ETERNAL LESSONS OF WAR
Stories brought to life through poetry, drama and paintings have become timeless
John Hudson, artistic director at Shadow Theatre, holds a photograph of his great uncle Wilson Hatfield who died during the First World War. Shadow Theatre’s production of The Comedy Company, a true story about the members of the Princess Patricia’s Canadian Light Infantry, runs until Sunday, Remembrance Day, at the Varscona.
Every Remembrance Day, the ranks of those who sit at war memorials, blankets tucked around their legs in wheelchairs, grow ever more thin.
There are no veterans of the First World War left. Of the more than one million Canadians who served full-time in the Second World War, less than 50,000 remain.
So much has changed since those mighty battles. Modern folk can barely imagine life without cellphones, never mind appreciate the experience of a young soldier forced to run messages between military outposts — one of the most dangerous and terrifying roles in the First World War.
This is why war stories brought to life through art — from poetry to theatre to paintings — are ever more important. As the real people fade from view, stories that touch our hearts are the only way to keep those real-life experiences, and their lessons, alive.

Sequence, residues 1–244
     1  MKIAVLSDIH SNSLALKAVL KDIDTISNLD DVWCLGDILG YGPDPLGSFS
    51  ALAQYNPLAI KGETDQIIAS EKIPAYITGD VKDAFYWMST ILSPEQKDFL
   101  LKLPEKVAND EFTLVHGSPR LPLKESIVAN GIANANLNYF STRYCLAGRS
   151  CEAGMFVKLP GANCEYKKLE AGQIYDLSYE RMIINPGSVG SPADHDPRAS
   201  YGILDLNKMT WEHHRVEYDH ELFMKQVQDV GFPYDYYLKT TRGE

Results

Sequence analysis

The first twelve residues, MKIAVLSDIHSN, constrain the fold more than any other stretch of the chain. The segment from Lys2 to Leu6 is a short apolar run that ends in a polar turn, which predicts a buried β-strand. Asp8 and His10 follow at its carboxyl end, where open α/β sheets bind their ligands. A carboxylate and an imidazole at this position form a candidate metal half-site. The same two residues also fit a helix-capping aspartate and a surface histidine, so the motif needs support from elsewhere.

This felt clear to me while watching two plays about the First World War on stage in Edmonton until Nov. 11. Both plays brought war home at a visceral level, one I don’t get tuning into The National for my nightly update on worldwide conflict.
The first play is Shadow Theatre’s The Comedy Company, playing at the Varscona. Playwright Neil Grahn found the true story of a comedy company formed to entertain Canadian troops during the First World War while he was researching a film about the Princess Patricia’s Canadian Light Infantry. Wildly successful, the comedy company was invited to appear before the Queen and King. After the war, their show went to Broadway.
When Grahn told his good friend, Shadow’s artistic director John Hudson, about the story, Hudson commissioned a play timed to coincide with the 100th anniversary of the end of the First World War.
“I’ve always had a deep affinity for both world wars,” said Hudson.
Hudson’s father fought in the Second World War. At the age of 16 under a false name, Hudson’s great uncle Wilson Hatfield signed up for the First World War. When his mother found out, she tried to have him released, but was unsuccessful. Hatfield, to whom The Comedy Company is dedicated, died in the Battle of the Somme in 1916.
“It was a loss the family never fully recovered from,” said Hudson. “It was something that touched all.”
A photo of Hatfield still hangs in Hudson’s house. His story is printed in the director’s notes of the playbill for The Comedy Company.
When I watched the show, I noted one character in particular, a pianist named Leonard, played by Nick Samoil. Leonard wasn’t Wilson, but in my theatre mind, where thoughts and feelings roam freely during productions, Leonard felt like Wilson. His face was so young, unlined and openly beautiful. I imagined that was what Wilson looked like, and felt a connection to his parents, and to all those parents who have lost children in war, then and now.